MC: Do you think it’s important that the new generation should understand or have knowledge about Cambodia’s past?
ER: They do, they definitely do. It’s difficult to think that the genocide is something we have in common, but it’s also a story of survival and overcoming something great. And it’s those types of stories that bring people together, so even though we go through life struggles and fighting, we can go back and say that our parents and grandparents came from this. We need to do better and we need to go beyond these little differences that we have. And I think the Jewish community has done that, and I want to not use the model that they used, but use it as an example to say even though we have differences, we want to make sure the history is saved, that this history is told, and this history is sacred and people will never forget this. A part of this is also about changing the perception of the younger generation.
MC: How has it been as a Muslim man in America? Do you resonate more with Muslims or Cambodians?
ER: I try to connect with both. But it’s kind of a struggle because, you know, Islam has some conservative viewpoints. Sometimes when I’m invited to go to a Buddhist temple for example, and I have to show my respect, and there’s Muslims that say, “well that’s not our traditions, you’re going against the faith.” I try to explain that no, this is my culture. So I’m respecting people of my culture by showing this activity and action that I’m giving. So I have to explain myself over and over again. And sometimes there are Cambodians that don’t want to have this conversation because I’m Muslim. They think that I gave up my culture or that I somehow betrayed my race. It can be difficult in some circles, but I think it’s also difficult being a Muslim in America right now. That’s another level of anxiety, stress and discrimination that I have to deal with.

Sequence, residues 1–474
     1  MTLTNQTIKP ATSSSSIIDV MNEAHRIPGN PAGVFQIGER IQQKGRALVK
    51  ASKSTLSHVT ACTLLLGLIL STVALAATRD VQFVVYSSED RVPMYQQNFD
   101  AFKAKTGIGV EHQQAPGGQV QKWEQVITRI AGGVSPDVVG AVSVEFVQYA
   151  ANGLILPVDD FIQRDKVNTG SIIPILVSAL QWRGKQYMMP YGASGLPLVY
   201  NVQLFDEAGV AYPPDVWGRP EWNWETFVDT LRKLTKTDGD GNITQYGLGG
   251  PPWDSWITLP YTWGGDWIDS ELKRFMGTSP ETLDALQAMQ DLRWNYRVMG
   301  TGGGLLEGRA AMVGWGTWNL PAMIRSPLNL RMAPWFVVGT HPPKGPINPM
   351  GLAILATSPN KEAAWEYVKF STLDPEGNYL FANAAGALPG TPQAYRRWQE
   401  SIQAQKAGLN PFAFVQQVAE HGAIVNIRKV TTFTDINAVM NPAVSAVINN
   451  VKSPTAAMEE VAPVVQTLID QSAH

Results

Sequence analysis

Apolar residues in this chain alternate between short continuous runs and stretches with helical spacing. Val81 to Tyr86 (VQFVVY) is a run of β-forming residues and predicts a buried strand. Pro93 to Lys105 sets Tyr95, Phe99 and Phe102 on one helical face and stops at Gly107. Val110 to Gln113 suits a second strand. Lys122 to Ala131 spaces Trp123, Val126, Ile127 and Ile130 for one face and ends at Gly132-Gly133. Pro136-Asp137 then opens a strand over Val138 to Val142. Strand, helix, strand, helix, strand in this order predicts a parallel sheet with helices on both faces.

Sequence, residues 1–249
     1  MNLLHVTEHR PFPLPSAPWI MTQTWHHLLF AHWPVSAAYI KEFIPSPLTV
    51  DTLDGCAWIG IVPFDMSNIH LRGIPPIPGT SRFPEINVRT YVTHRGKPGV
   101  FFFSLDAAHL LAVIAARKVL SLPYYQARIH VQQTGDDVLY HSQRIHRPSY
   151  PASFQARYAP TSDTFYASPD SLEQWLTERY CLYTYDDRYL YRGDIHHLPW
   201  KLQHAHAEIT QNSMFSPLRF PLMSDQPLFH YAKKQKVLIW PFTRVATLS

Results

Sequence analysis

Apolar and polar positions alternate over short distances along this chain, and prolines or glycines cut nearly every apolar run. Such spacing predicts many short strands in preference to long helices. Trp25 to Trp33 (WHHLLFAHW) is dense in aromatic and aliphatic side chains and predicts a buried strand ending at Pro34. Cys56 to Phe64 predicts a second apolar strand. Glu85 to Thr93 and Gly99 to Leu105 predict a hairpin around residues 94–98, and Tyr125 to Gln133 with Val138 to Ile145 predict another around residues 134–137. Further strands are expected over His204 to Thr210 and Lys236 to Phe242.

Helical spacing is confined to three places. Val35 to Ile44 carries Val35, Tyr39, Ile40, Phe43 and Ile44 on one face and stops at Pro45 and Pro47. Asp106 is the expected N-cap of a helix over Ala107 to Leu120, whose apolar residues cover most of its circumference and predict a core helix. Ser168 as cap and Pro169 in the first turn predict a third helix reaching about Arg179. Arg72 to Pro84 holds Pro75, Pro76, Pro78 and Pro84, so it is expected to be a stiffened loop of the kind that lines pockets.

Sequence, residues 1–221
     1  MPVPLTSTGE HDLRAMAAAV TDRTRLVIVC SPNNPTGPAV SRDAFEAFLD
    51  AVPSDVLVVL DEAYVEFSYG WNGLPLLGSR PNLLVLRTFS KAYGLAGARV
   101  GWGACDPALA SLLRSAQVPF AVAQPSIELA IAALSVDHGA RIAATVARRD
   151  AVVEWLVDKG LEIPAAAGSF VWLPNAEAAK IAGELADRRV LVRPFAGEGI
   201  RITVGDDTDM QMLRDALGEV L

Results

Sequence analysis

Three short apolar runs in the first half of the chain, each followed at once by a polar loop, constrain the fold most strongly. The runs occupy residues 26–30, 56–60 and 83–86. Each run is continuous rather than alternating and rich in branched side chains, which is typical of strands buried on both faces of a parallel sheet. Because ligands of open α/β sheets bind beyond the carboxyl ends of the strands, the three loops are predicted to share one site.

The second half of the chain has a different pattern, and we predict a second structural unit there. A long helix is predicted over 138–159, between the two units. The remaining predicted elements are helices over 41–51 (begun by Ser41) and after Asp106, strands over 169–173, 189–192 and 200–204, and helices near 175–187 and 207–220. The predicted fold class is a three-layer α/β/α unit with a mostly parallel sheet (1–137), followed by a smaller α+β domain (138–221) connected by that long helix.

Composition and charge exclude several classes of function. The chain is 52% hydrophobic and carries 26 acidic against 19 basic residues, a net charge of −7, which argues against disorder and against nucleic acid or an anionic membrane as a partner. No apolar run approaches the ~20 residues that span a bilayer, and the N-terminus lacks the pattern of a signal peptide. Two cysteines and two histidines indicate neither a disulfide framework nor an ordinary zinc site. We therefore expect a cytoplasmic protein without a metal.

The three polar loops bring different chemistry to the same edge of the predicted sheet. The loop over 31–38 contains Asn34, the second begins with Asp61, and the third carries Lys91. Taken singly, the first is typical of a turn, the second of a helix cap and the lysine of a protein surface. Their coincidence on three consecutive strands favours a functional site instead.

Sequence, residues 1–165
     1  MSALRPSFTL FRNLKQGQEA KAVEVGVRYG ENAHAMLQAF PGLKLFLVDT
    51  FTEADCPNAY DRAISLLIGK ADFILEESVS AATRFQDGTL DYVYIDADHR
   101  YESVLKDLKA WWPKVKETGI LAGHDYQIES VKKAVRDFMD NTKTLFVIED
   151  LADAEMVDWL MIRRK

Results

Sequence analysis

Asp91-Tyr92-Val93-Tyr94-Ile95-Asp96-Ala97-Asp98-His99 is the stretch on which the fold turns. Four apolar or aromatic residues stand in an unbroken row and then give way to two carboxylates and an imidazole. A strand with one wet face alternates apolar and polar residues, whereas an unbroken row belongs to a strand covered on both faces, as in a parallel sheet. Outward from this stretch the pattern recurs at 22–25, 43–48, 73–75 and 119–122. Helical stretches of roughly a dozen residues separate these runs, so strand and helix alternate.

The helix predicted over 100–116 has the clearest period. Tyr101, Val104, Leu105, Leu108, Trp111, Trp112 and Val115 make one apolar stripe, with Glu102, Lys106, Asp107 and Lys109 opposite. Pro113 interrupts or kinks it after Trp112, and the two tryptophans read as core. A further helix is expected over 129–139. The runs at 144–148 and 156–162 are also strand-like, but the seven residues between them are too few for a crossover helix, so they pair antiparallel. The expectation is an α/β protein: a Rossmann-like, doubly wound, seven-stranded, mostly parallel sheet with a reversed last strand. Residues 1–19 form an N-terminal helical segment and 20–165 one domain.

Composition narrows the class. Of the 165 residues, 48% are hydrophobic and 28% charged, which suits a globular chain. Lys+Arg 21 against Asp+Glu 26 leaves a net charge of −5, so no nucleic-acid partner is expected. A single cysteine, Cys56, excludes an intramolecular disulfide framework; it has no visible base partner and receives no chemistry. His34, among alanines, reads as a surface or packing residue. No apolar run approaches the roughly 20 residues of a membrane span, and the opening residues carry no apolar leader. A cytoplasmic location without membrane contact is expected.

MC: Knowing that majority of Cambodian Americans is of the Buddhist Faith, how has faith influenced your interactions with other Cambodians?
ER: It actually opened up a new dialogue. I think a lot of people were not aware that there were a lot of Cambodian Muslims before the Khmer Rouge. At one point, it was at three percent. Cambodian Muslims are a part of the history. here was a huge revolt that happened…when the Khmer Rouge took over the city. A large group of Cambodian Muslims actually fought back during Ramadan, and they were massacred, but it brought a new level of respect of Cambodia to the Muslim and Cham community. And now there’s a museum that is dedicated to the story, so it opened up this wonderful dialogue session, to talk about this story that most Cambodians aren’t aware of.
MC: If you can sum up your film in one word, what would it be?
MC: Any last questions or comments?
ER: Thank you, thank you. We need programs for our younger generation, not just by talking to them, but including them [in the conversation]. That’s the important piece. Because we can’t change the mindset of the younger generation, they have to change it for themselves. So, they have to be a part of the conversation.